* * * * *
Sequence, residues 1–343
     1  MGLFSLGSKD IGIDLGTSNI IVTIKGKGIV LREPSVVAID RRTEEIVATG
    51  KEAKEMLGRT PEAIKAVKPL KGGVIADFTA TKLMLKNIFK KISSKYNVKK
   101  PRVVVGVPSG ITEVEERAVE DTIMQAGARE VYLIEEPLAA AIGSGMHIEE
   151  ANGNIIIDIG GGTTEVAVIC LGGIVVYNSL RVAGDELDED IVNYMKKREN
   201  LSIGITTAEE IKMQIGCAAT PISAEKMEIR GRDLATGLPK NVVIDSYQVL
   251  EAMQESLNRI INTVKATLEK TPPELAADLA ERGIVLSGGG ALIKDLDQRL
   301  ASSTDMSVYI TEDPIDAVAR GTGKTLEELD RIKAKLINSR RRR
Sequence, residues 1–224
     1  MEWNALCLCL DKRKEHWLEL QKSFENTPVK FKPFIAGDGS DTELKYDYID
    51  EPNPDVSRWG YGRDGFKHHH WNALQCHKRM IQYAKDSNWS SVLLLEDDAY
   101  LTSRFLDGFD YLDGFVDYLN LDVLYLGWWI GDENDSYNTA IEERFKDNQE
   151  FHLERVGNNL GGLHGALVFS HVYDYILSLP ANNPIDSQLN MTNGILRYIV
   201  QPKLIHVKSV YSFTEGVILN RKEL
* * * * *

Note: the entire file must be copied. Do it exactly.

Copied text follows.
Sequence, residues 1–343
     1  MGLFSLGSKD IGIDLGTSNI IVTIKGKGIV LREPSVVAID RRTEEIVATG
    51  KEAKEMLGRT PEAIKAVKPL KGGVIADFTA TKLMLKNIFK KISSKYNVKK
   101  PRVVVGVPSG ITEVEERAVE DTIMQAGARE VYLIEEPLAA AIGSGMHIEE
   151  ANGNIIIDIG GGTTEVAVIC LGGIVVYNSL RVAGDELDED IVNYMKKREN
   201  LSIGITTAEE IKMQIGCAAT PISAEKMEIR GRDLATGLPK NVVIDSYQVL
   251  EAMQESLNRI INTVKATLEK TPPELAADLA ERGIVLSGGG ALIKDLDQRL
   301  ASSTDMSVYI TEDPIDAVAR GTGKTLEELD RIKAKLINSR RRR
Sequence, residues 1–224
     1  MEWNALCLCL DKRKEHWLEL QKSFENTPVK FKPFIAGDGS DTELKYDYID
    51  EPNPDVSRWG YGRDGFKHHH WNALQCHKRM IQYAKDSNWS SVLLLEDDAY
   101  LTSRFLDGFD YLDGFVDYLN LDVLYLGWWI GDENDSYNTA IEERFKDNQE
   151  FHLERVGNNL GGLHGALVFS HVYDYILSLP ANNPIDSQLN MTNGILRYIV
   201  QPKLIHVKSV YSFTEGVILN RKEL